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How Fraudsters Used Scotch Tape

Scotch Tape is a very useful invention: how else would we tackle the job of wrapping up our Christmas presents every year, and clean the dust off our keyboards without using a Hoover?

But this ingenious invention has a chequered history. It was once an essential piece of kit for con men, who used it to defraud their victims of millions of pounds.

Frank Abagnale was a former top fraudster, who wrote the book Catch Me If You Can about his shady past dealings (it was made into a film of the same name, starring Leonardo DiCaprio).

In another book, The Art of the Steal, Abagnale exposed how 20th century con men used Scotch Tape to remove the details from printed cheques

“They take a piece of Scotch Tape – the grey, cloudy kind that doesn’t rip the paper when you peel it off – and put it over the dollar amount and over the payee name. They use a fingernail to rub it down hard over the cheque, and then lift it off. The dollar amount and the name and address will come off on the tape.”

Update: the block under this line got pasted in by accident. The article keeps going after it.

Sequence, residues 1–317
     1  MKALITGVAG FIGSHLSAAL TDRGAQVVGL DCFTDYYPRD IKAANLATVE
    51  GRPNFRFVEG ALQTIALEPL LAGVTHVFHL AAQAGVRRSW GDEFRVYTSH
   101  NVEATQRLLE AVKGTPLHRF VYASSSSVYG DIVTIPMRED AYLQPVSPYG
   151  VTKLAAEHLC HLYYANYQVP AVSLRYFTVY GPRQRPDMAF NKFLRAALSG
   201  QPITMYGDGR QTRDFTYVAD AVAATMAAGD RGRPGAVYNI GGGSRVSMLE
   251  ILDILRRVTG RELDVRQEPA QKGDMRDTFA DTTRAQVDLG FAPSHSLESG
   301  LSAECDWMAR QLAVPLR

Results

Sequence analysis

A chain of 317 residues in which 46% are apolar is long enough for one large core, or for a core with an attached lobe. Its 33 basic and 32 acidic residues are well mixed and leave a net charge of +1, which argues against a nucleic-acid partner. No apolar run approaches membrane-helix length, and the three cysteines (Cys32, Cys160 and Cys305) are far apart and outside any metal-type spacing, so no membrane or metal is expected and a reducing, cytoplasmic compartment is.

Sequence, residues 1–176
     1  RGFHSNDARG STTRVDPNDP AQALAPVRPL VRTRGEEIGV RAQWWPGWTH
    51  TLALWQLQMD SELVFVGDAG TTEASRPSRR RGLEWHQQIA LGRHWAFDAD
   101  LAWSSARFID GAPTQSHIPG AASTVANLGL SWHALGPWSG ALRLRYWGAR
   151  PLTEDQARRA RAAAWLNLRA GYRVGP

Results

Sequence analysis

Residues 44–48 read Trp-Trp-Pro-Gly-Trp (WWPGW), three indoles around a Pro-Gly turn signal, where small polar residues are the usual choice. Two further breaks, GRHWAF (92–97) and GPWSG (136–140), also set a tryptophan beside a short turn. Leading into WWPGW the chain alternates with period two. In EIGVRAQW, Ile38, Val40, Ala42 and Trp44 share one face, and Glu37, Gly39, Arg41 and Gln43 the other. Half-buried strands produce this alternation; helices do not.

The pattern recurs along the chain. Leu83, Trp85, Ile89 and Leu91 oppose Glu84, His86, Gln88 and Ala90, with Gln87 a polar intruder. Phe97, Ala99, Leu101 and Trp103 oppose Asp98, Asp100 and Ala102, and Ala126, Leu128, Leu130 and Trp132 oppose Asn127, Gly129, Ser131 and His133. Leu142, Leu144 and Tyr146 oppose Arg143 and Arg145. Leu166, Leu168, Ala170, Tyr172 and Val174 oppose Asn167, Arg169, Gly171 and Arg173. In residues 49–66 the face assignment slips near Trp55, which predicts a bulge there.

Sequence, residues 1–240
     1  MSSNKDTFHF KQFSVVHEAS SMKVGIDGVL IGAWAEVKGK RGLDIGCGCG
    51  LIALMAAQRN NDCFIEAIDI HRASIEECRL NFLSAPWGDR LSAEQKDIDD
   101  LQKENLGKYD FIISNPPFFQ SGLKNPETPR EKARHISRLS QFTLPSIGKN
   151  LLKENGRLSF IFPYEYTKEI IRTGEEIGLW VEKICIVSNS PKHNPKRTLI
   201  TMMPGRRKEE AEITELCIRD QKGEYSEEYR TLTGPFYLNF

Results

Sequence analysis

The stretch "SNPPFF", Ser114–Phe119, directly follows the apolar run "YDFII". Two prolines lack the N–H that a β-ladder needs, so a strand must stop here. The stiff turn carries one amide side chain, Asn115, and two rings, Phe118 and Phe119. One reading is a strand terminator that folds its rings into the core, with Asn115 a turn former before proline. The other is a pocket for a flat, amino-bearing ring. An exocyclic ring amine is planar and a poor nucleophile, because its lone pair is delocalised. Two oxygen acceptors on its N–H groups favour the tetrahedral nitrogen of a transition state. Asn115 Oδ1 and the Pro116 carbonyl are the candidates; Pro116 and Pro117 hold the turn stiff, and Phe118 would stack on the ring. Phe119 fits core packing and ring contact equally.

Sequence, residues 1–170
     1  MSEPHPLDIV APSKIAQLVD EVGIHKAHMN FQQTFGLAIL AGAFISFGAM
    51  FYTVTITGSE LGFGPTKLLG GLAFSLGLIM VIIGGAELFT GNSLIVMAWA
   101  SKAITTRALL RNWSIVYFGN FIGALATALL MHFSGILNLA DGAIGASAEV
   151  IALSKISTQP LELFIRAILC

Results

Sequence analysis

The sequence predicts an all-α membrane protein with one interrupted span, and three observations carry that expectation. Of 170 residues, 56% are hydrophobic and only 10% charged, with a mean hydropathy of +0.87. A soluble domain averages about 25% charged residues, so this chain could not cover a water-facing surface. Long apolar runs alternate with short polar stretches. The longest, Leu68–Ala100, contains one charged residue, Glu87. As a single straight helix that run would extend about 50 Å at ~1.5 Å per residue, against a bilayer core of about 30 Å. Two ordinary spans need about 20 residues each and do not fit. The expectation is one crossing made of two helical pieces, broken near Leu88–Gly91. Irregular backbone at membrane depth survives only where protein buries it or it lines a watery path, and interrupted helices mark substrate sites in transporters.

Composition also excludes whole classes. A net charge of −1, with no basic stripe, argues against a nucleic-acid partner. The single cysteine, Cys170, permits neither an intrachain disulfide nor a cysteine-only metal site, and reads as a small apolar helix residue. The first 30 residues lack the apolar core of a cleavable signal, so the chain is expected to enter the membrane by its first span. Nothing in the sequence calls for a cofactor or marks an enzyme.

The cheeky trick worked because the toner on the printed cheque would attach itself to the Scotch Tape. Abagnale said that any noticeable residues of toner could be removed with a high-polymer plastic eraser.

He repented of his former lifestyle in later years and became an adviser helping banks and businesses to fight fraud and promoting the use of shredders to guard against identity theft.

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